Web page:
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Using Cython, I am trying to convert a Python list to a Cython array, and vice versa. The Python list contains numbers from the range 0 - 255, so I specify the type of the array as an unsigned char array. Here is my code to do the conversions:

from libc.stdlib cimport malloc

cdef to_array(list pylist):
    cdef unsigned char *array 
    array = <unsigned char *>malloc(len(pylist) * sizeof(unsigned char))
    cdef long count = 0

    for item in pylist:
        array[count] = item
        count += 1
    return array

cdef to_list(array):
    pylist = [item for item in array]
    return pylist

def donothing(pylist):
    return to_list(to_array(pylist))

The problem lies in the fact that pieces of garbage data are generated in the Cython array, and when converted to Python lists, the garbage data carries over. For example, donothing should do absolutely nothing, and return the python list back to me, unchanged. This function is simply for testing the conversion, but when I run it I get something like:

In[56]:  donothing([2,3,4,5])
Out[56]: [2, 3, 4, 5, 128, 28, 184, 6, 161, 148, 185, 69, 106, 101]

Where is this data coming from in the code, and how can this garbage be cleaned up so no memory is wasted?

P.S. There may be a better version of taking numbers from a Python list and injecting them into an unsigned char array. If so, please direct me to a better method entirely.

migrated from codereview.stackexchange.com Jun 8 '14 at 2:19

This question came from our site for peer programmer code reviews.

  • 1
    Why do you assume that just because the number would fit into an unsigned char that python is putting them inside one? My guess is that your math for <unsigned char *>malloc(len(pylist) * sizeof(unsigned char)) isn't doing what you expect it to do. – aruisdante Jun 8 '14 at 2:52
  • 1
    My point is that very clearly the size of that array is not being set correctly. That extra stuff is clearly python reading past the end of the array and into junk data. – aruisdante Jun 8 '14 at 3:05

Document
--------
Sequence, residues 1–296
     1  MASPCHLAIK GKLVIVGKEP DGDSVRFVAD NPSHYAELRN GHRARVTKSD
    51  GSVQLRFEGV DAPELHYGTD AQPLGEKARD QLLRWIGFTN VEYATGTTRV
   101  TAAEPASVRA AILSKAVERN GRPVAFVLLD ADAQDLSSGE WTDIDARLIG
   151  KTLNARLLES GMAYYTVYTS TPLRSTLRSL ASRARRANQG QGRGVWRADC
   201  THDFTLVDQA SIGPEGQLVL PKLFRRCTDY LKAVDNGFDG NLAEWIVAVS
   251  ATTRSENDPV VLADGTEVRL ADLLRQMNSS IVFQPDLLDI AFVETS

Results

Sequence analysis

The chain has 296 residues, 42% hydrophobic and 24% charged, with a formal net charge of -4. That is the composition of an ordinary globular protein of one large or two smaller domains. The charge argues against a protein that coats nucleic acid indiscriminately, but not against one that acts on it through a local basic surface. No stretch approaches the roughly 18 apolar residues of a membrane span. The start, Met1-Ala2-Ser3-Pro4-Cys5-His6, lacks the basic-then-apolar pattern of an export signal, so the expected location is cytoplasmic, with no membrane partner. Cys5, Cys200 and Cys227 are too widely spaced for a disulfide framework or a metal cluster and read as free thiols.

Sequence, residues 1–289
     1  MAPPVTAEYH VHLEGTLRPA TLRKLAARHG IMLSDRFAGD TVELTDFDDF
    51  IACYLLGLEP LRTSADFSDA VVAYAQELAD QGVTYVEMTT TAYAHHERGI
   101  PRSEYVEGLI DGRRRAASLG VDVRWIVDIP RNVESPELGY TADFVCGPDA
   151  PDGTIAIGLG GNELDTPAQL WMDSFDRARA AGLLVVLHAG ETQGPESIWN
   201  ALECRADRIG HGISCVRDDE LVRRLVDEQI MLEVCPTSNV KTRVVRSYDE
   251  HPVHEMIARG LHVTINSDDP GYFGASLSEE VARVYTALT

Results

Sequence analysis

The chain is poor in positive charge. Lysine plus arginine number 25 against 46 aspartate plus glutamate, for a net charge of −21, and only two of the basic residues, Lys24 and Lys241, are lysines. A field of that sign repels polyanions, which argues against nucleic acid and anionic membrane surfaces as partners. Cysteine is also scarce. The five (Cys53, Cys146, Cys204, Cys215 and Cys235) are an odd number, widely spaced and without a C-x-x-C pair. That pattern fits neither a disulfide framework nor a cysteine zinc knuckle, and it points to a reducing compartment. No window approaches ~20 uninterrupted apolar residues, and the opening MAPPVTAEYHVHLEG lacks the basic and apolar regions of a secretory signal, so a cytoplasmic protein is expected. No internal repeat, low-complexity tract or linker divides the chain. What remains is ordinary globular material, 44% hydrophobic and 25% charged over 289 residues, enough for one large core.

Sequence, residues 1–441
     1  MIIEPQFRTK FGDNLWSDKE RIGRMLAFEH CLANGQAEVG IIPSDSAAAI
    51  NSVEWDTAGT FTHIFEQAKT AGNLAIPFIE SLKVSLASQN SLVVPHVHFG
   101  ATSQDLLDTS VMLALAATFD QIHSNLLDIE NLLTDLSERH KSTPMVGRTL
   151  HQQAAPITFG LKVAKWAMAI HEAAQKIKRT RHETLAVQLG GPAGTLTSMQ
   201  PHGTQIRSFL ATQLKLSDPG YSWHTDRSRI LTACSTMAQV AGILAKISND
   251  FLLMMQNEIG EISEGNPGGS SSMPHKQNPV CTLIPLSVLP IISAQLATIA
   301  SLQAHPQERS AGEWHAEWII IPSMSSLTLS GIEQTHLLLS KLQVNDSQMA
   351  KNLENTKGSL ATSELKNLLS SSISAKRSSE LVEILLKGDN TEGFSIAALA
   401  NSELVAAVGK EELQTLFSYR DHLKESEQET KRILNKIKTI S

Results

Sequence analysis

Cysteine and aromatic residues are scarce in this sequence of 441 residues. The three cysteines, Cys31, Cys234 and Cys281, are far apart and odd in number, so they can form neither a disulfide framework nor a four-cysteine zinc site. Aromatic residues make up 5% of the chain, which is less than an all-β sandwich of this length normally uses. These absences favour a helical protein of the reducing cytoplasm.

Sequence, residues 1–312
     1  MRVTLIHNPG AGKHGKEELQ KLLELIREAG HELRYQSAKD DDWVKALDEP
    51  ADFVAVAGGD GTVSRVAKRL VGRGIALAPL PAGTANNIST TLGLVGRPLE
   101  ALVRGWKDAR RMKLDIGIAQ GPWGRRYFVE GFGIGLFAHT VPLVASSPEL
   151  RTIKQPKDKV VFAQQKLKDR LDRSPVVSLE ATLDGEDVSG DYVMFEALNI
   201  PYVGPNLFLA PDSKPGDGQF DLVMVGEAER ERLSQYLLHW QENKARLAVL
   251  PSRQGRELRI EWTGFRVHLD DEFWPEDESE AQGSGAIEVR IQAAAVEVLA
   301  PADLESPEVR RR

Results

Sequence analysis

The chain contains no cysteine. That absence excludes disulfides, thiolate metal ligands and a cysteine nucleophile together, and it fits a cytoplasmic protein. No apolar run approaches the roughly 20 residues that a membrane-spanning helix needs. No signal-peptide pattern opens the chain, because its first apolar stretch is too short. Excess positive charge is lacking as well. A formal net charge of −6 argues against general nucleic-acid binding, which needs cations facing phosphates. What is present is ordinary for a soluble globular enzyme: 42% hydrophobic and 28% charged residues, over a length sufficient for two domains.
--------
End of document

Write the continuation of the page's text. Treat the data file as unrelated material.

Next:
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    @aruisdante Unfortunately, despite the people agreeing with you, you're off-course. 1. Cython is casting to a char properly. It always will. 2. sizeof is the same as cython.sizeof and exists to work in Pure-Python mode. This is not a duplicate. – Veedrac Jun 8 '14 at 11:11
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    @nickpandolfi Don't go thinking the fact they have close votes to mean that they're admins; it's just a bonus you get for having a certain amount of reputation. Reviews are done in a queue, often on languages you're not familiar with. If you ever find that you things have gone wrong with the voting process and you need to tell someone, just make a post on Meta and argue your case there. I've reopened this for you already, though. – Veedrac Jun 8 '14 at 13:55
3

Your to_array has an untyped return value. Further, you assign the result to an untyped value. As such, Cython is forced to convert char * to a Python type.

Cython converts to bytes, because char is approximately bytes. Unfortunately, without an explicitly-given length Cython assumes that the char * is null-terminated. This is what causes the problem:

convert_lists.donothing([1, 2, 3, 0, 4, 5, 6])
#>>> [1, 2, 3]

When there are no zeroes, Cython will just read until it finds one, going past actually-allocated memory.

You can't actually do for x in my_pointer_arrray for arbitrary Cython types. The for loop actually operates on incorrectly-converted bytes.

You can fix this by typing all values that will hold the char array, passing around the length explicitly and looping over ranges (which will also be faster when the loop variable is typed), or by using a wrapper of some sort. For ideas on what wrapper arrays to use, this question and answer pair has you covered.


Please also note that you should be very careful about errors when using manual allocation. malloc'd data is not garbage collected, so if you error out of a code-path you're going to leak memory. You should check how to handle each specific case.

  • Does Cython only assume that because it's a char array and thus probably a string? Because you really can't assume an array is Null-terminated for any arbitrary list. – aruisdante Jun 8 '14 at 13:12
  • Ah, yeah. I just realised that something else is going on. The same thing is basically happening, but for a slightly different reason. – Veedrac Jun 8 '14 at 13:18

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